|SJ||And this play does not have any good characters. The audience will not be able to find a character that can speak to their beliefs and emotions…|
|庆亮||在权力斗争的游戏里，道德标准是没办法立足的，每个人都在为达到自己的目的而争，你看政治人物，还有 office politics。。。|
|HL||In a power struggle, one can’t have any moral standards. Everyone is fighting for themselves, just look at the politicians, office politics…|
|SJ||I thought of this when I was writing this script: in a power struggle, it’s hard to see the kindness. The persons involved will think that they are merely trying to survive, whereas people observing from the outside will find them immoral. They will feel that these people are twisted…|
|PP||I don’t have such profound thoughts. I just wanted to write a script. But the more I wrote, the more I feel the human soul is despicable…|
|So the moral of the story is。。。？故事的主题思想是。。。？|
|SJ||A friend told me that it would be difficult for Eastern audiences to accept this play. He felt that local audiences will not be willing to empathise with the characters; they will probably reject them.|
|HL||We are not teaching you how to be a bad guy.|
|SJ||Our objective is to not let the audience evade human nature by hiding behind a good character in the play.|
|HL||Actually, local English theatre has already done something like this before.|
|SJ||The Chinese theatre audience seems a bit different…|
|HL||Audiences are very intelligent nowadays… They know when you present a very negative plot, your intention is to evoke greater positivity.|
|SJ||Even though we have created a bunch of bad guys with awful characters and personalities, I am still very optimistic about our human nature.|
|PP||I’m not. I am pessimistic. The evil in human nature will never change. It is only through regulation that we are forced to be good.|
|HL||I think it is human nature to destroy and rebuild.|
|如果有观众觉得这是一个笑话，没有意义只有狂笑？What if audiences were to think that this play is only a parody, a joke with no particular value?|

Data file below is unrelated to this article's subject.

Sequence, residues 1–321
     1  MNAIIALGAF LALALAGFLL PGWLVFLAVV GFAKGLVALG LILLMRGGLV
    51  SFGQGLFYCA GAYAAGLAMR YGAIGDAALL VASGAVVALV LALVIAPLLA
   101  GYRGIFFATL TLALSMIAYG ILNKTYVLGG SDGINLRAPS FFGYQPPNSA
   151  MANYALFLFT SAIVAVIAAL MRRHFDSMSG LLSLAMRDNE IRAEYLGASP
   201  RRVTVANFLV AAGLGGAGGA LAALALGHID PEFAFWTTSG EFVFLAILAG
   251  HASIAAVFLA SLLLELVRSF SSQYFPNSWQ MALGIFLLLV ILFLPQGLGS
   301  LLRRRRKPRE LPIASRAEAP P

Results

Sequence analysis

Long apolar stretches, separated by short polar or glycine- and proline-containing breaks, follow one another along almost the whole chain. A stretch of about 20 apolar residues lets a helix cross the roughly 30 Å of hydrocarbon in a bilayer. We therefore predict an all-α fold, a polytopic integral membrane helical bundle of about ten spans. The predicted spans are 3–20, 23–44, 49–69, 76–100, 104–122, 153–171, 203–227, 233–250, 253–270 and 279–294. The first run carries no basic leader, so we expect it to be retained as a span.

|HL||That’s ok, they can laugh. Politics has always been a farce. The funniest thing is, the winners of a power struggle are often the ones we least expected. In this play, the most incapable character will be ultimate winner! Can you accept this ending? But that’s what happens over and over again in reality… Just look at that…|
|SJ||Maybe the audience will speculate that we are referring to a recent incident…|
|HL||We didn’t predict it. We’ve been working on the script since April…|
|SJ||Some people won’t understand why the play is rated R(A)…|
|庆亮||这部戏不是关于性，而是提到性被利用为工具，politics 充满 sex, lies and lust。。。|
|HL||This play is not about sex, but sex is used as a tool. Politics is full of sex, lies and lust…|
|SJ||We believe that this play is more suitable for mature audiences…|
|HL||Next time, I will try to do a martial arts play with only good characters…|
|请形容这齣戏。Please describe this production.|
|SJ||A perfect storm of evil and corruption.|
|PP||The Legend of the ‘Despicables’|
|HL||It gets cold in high places.|
The Vault: Leng-Geh-Mng is a revisit of the first martial arts production in Singapore theatre of the same title by theatre-maker Zelda Tatiana Ng. Under her direction and alongside some of the original cast members, Leng-Geh-Mng is retold in the format of a radio play refreshed with the use of Chinese dialects.